We regretfully report the demise of Blue Buoy, age unknown, sometime last spring or early summer. Following Blue Buoy’s capture near the Isles of Shoals in September, 2003, he spent a short time at a lobster shack in New Castle, NH. From there he took up residence at the Seacoast Science Center in Rye, NH, where visitors, including many school children on field trips, admired his robin’s egg blue color.Blue Buoy leaves behind cousins Whitey, Baloo Bell and his aged uncle, Toughage.
His legacy is not only in the hearts of those who visited him at the Science Center, but in photographs taken by Carolyn shortly after his capture in 2003. These images adorn a blue denim dress as well as her woodwork and jewelry projects.
Whity, who was unfortunately captured about six weeks ago was reported to be an albino due to his light blue hue. The non-albino now resides behind plexi-glass at the Seacoast Science Center in Rye, NH. Positioned between two rocks in his display case, he watches visitors to the Center with a careful eye,
He considers his capture from the northern Maine waters a mixed blessing, since he’d heard that his cousin Blue Buoy was also an unwilling resident there. Whity looked forward to seeing Blue even as he lost his freedom.
It was a real let-down for Whity to learn of the demise of Blue Buoy shortly before he arrived at the Center. In fact, it took Whity quite a while to acclimate to captivity because he became very depressed. His unhappiness was increased when he learned from another unhappy resident that not long ago his great-great uncle, who had escaped the lobster nets and traps for sixteen years, was being offered for sale at a fish shop in Dennisport, MA.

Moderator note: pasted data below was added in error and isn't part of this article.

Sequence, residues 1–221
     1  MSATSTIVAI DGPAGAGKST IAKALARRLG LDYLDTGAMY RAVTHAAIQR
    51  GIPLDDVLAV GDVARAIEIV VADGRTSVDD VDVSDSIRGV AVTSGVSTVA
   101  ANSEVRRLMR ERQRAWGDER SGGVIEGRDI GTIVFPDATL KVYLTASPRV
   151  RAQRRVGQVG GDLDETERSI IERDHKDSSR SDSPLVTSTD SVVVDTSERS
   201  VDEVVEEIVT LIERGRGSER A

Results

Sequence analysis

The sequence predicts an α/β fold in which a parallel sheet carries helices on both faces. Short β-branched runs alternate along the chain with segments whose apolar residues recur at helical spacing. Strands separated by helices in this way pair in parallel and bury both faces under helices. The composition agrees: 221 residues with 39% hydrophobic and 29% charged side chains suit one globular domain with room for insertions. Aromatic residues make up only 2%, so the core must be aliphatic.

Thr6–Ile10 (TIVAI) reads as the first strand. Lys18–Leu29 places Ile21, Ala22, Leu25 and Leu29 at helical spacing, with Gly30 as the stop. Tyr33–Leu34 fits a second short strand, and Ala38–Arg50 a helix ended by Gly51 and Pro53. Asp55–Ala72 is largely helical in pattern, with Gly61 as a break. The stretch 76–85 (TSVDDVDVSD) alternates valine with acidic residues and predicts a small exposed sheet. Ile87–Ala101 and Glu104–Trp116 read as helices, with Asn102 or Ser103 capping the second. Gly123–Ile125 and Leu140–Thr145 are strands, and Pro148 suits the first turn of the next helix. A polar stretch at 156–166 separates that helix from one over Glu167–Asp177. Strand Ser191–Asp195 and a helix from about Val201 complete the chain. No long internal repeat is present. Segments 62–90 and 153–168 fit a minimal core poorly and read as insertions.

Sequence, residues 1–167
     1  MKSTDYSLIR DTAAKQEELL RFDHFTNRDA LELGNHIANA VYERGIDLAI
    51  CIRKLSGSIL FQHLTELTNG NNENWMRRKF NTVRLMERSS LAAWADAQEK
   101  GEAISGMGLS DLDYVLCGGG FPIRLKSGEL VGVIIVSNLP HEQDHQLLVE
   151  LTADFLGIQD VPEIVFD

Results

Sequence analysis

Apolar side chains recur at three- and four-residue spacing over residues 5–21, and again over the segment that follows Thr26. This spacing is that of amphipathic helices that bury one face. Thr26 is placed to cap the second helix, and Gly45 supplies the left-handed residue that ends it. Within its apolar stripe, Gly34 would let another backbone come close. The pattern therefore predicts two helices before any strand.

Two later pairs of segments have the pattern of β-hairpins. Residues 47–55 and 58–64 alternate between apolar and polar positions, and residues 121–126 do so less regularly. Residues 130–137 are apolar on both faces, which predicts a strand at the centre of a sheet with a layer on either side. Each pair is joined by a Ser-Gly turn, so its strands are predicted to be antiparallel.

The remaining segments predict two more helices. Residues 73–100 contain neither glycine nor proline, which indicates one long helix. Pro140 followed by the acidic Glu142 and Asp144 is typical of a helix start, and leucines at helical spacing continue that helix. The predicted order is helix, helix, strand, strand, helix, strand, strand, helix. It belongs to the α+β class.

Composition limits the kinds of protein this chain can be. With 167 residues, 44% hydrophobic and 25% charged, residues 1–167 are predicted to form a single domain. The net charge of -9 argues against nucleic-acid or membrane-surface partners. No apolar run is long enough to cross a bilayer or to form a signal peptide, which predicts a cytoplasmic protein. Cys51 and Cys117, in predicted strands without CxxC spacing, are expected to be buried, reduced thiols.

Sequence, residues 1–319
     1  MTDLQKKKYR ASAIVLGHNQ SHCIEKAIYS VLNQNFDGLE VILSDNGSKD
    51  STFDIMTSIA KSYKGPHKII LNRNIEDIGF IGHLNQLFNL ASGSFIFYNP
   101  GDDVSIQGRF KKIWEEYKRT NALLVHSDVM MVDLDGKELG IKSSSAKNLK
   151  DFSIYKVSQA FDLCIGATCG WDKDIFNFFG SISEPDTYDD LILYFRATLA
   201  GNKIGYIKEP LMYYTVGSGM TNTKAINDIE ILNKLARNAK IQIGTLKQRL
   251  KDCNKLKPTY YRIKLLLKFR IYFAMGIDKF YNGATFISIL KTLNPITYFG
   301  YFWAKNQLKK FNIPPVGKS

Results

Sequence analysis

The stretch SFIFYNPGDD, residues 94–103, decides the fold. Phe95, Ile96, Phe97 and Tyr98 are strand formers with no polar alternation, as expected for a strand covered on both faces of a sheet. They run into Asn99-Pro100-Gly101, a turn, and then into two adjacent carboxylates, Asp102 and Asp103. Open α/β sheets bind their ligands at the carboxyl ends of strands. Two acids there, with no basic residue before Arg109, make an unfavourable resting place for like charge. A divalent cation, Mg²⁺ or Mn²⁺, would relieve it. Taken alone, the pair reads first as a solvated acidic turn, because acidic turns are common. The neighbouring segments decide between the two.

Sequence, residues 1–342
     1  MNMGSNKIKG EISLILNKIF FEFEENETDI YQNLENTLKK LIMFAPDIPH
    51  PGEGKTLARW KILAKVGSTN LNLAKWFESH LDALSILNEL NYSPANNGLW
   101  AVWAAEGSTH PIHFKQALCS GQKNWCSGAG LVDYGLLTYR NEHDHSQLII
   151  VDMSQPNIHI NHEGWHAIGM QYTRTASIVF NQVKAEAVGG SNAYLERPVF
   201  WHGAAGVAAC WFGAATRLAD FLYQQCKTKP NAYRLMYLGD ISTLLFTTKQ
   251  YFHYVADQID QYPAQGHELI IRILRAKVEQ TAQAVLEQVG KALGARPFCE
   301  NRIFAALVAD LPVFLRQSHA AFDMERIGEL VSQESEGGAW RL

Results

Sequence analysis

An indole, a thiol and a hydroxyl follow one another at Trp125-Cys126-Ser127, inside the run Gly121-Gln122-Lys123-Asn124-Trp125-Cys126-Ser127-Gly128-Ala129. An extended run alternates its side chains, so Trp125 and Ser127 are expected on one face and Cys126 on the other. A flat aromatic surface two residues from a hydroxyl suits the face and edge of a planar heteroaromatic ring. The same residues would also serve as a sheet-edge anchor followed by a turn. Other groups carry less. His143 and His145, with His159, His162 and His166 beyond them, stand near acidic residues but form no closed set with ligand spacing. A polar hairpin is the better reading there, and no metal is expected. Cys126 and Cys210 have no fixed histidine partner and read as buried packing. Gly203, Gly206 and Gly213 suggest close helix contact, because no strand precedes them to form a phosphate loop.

What chance did Toughage have for survival at his advanced age? Would he be stuck in the lobster pen waiting, never to be purchased and put out of his agony, because at his age his meat would be so tough? And consider his cost to the buyer: at $8.00 a pound times sixteen pounds, a buyer would have to shell out (no pun intended) $128.00. What human could afford that? And what about their having a pot big enough to cook him?
In a display across the room Whity saw another lobster, a normally colored one with yellow spots all over its shell. Bikini spent his time huddled behind a rock, barely visible, not wanting to display himself, ashamed of the colorful dots that set him apart among the other lobsters on the ocean bottom. He’d endured much teasing from them.
Whity considered the rarity of Blue Buoy, Whity, Bikini and himself. What made them oddities also made them distinctive.
He wondered if Blue Buoy had just given up, realizing freedom was never to be his again.
About two weeks ago Whity heard about another robin’s egg blue lobster brought to the Science Center. Name unknown, he was in a back room being “acclimated” to captivity. As if any critter becomes “acclimated!” Yet, after a while, captivity and its ease of life begins to fit, and leaving the safety of the cages for the dangerous ocean waters is as mixed a blessing as was entering captivity.
As Blue Buoy adjusted, Whity determined he must so do. Finally, Whity reports “I am finally nibbling on tidbits of food supplied by my captors, who, above all else, are at least kind.